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Τα Όργανα του Τομέα: XRD

English Version

Description:

The Panalytical X’Pert Diffractometer is a highly advanced, versatile materials characterization system. Interchangeable PreFIX incident and diffracted beam optics can be configured for optimal measurement of high resolution scans, reflectivity experiments, or for in-plane diffraction.

High Resolution X-ray Diffraction: High resolution x-ray diffraction is generally applied to highly ordered crystals. It is useful to examine nearly lattice matched materials or the structural perfection of materials. The system can be used to accurately measure the width of Bragg diffraction peaks from nearly perfect single crystals over the range of a few seconds of arc. In order to obtain the high resolution, the angular divergence of the incident x-ray beam must be very small with little or no peak broadening due to spectral dispersion and the goniometer must be capable of very accurate stepping. Special incident and diffracted beam conditioning makes this possible. This system can also map regions in reciprocal space around the Bragg reflections which can be useful to characterization relaxation of strained epitaxial films.

Reflectometry: Reflectometry is an analytical technique for investigating thin layers. In reflectivity experiments, the X-ray reflection of a sample is measured around the critical angle. Below the critical angle of total external reflection, X-rays penetrate only a few nanometers into the sample. Above this angle the penetration depth increases rapidly. At every interface where the electron density changes, a part of the X-ray beam is reflected. The interference of these partially reflected X-ray beams creates the oscillation pattern observed in reflectivity experiments. From these reflectivity curves, layer parameters such as thickness and density, interface and surface roughness can be determined through modeling.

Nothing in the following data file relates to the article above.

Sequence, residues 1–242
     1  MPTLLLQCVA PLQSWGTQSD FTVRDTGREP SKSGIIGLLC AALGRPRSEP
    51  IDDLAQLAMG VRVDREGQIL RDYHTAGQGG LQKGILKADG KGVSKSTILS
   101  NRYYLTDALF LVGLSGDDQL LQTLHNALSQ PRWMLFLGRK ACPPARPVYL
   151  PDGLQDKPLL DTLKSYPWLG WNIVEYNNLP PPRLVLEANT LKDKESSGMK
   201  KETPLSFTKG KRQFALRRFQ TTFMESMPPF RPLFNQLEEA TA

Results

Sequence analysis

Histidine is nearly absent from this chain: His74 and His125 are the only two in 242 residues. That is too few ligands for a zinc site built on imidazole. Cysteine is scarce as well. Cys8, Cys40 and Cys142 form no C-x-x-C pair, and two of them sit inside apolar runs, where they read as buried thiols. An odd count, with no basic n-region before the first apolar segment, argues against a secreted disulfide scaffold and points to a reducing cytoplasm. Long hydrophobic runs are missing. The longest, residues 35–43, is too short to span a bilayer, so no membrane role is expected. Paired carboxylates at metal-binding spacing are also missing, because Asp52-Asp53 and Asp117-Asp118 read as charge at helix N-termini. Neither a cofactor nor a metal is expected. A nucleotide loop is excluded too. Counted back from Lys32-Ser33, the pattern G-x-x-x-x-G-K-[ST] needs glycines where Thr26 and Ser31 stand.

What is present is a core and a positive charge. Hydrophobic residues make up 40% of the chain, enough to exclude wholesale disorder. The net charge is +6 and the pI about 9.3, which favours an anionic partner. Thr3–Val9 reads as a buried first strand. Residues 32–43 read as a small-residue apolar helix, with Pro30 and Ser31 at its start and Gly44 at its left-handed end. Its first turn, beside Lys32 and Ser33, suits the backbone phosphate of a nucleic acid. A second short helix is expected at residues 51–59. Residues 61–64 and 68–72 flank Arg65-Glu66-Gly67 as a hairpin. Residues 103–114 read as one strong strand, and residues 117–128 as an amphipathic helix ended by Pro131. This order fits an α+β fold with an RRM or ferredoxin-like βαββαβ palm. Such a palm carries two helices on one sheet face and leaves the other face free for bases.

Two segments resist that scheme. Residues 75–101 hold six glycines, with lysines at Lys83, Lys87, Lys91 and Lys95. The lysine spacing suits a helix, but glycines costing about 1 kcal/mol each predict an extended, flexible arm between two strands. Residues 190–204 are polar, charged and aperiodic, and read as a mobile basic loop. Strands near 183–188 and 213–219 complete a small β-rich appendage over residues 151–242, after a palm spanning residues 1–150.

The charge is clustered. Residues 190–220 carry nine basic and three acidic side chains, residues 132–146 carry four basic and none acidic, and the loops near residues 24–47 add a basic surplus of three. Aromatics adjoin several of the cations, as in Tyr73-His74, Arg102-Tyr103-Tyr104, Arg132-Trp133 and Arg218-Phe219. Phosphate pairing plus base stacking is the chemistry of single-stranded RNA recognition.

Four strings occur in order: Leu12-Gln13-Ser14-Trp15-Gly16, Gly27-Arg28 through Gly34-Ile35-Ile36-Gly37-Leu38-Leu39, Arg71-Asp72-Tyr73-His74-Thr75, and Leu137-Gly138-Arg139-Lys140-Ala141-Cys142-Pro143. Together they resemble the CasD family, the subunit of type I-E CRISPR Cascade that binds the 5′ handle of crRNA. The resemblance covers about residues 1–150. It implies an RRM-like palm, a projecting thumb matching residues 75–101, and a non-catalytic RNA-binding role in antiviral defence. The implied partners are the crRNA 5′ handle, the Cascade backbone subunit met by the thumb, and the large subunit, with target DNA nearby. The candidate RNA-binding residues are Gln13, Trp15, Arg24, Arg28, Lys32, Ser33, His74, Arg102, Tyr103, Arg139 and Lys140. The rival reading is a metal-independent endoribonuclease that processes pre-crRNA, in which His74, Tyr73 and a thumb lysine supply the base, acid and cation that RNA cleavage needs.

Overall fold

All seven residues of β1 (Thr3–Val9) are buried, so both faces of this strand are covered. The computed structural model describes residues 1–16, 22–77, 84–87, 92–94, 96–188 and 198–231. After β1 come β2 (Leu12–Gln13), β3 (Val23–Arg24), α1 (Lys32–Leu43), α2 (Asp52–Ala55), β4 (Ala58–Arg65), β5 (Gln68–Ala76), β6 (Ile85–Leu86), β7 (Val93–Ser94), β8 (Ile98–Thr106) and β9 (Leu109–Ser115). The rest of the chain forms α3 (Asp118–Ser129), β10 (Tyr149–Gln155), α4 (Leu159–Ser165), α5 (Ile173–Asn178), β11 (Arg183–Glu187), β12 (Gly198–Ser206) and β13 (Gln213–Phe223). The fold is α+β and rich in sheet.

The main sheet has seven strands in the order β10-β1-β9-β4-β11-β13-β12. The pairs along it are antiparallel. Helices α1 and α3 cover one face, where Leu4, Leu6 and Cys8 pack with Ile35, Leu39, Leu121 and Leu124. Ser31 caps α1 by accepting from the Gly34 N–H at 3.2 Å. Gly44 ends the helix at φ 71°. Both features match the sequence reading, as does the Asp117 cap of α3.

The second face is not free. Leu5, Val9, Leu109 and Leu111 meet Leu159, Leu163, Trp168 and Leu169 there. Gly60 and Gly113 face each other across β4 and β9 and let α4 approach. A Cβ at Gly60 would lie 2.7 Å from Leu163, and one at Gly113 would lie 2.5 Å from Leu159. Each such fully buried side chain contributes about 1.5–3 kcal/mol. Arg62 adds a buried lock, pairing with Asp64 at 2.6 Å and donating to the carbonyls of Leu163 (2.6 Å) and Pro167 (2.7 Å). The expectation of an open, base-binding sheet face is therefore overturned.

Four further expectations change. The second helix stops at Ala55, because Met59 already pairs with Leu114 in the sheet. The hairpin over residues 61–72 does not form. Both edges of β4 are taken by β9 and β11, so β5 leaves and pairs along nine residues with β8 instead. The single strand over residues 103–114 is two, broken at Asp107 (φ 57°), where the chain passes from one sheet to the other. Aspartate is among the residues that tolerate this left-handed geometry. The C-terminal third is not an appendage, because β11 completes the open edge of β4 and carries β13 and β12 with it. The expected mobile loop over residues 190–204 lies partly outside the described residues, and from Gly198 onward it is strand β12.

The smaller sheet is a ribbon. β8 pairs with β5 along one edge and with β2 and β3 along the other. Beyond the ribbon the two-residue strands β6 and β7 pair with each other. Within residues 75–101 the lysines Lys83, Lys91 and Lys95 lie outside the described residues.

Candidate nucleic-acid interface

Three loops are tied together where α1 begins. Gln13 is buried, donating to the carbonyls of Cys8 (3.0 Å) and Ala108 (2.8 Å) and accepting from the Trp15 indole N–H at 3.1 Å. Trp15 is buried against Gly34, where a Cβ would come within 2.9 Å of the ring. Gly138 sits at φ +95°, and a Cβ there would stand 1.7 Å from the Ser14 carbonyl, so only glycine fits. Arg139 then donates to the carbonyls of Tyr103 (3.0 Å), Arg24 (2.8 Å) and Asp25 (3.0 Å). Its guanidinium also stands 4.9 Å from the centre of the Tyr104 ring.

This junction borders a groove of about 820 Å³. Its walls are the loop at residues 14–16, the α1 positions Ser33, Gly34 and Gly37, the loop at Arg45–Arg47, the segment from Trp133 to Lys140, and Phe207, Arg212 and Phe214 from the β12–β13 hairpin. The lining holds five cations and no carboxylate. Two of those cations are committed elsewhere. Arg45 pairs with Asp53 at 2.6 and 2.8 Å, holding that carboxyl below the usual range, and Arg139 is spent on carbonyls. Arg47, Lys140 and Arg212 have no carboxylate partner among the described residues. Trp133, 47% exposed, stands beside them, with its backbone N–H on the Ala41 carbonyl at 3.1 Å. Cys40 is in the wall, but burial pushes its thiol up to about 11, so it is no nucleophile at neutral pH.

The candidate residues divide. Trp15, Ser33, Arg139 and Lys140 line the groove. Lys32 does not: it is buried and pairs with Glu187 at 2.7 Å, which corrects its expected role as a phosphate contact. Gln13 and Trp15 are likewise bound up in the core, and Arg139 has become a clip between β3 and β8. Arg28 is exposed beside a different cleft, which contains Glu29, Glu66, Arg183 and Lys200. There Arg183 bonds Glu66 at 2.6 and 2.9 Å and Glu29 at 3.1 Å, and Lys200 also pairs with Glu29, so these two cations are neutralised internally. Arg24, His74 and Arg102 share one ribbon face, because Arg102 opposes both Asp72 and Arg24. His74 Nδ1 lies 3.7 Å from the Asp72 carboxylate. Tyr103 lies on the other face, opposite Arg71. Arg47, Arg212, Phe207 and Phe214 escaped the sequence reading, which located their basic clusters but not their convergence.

In-plane diffraction: In-plane diffraction is a diffraction technique in which both the incident and diffracted beams are nearly parallel to the sample surface. Because the beam is incident at a grazing angle, the penetration depth of the beam is limited to within about 100 nm of the surface. The in-plane diffraction technique measures diffracted beams nearly parallel to the sample surface and hence measures lattice planes that are (nearly) perpendicular to the sample surface. These planes are inaccessible by other techniques.

Equipment:

  • Selectable line or point focus 1.8kW sealed ceramic copper x-ray tube source.
  • Choice of PreFIX incident beam optics include a graded parabolic x-ray mirror with automatic attenuator, four-bounce Ge(220) monochromator, hybrid four-bounce monochromator with mirror and automatic attenuator, fixed divergence slits, or x-ray lens.
  • High resolution goniometer with optically encoded sample positioning enables a minimum step size of 0.0001°.
  • 1/2 circle Eulerian cradle with motorized sample stage enables sample tilts of +/- 90°, in-plane rotation of 360°, in-plane X and Y translations of 100 mm, and vertical Z displacement of 11 mm.
  • Sample holder accommodates samples up to 4 inches in diameter.
  • Choice of PreFIX diffracted beam optics include triple axis/rocking curve optics or parallel plate collimator.
  • Triple axis setup utilizes a three bounce (022) channel cut Ge crystal to provide an acceptance angle of 12 arc seconds.
  • The rocking curve optics utilize interchangeable slits to control the background and detector resolution.
  • The parallel plate collimator has a 0.27° acceptance angle with an optional 0.1 mm collimator slit to improve the resolution at 2Θ angles less than 4°.
  • 2 sealed proportional detectors with a large dynamic range.
AFM AFM
AFM
AFM

Accessories:

  • Thin-Film Optics

Applications:

  • High Resolution
    • Rocking curves.
    • Superlattice scans.
    • Reciprocal space maps.
    • Substrate offcut.
    • Epitaxial layer tilt.
    • Layer relaxation.
    • Epitaxial layer mismatch.
  • Reflectometry
    • Composition analysis structure of grain boundaries in ceramics.
    • Magnetic films on chromium.
    • Identification of precipitates in materials.
    • Analysis of nanoparticle sizes.
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